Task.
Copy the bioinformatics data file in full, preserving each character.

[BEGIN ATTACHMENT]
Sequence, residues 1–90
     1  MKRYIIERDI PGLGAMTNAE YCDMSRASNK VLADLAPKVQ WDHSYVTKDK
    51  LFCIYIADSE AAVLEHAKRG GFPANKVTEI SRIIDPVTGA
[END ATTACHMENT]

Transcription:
Sequence, residues 1–90
     1  MKRYIIERDI PGLGAMTNAE YCDMSRASNK VLADLAPKVQ WDHSYVTKDK
    51  LFCIYIADSE AAVLEHAKRG GFPANKVTEI SRIIDPVTGA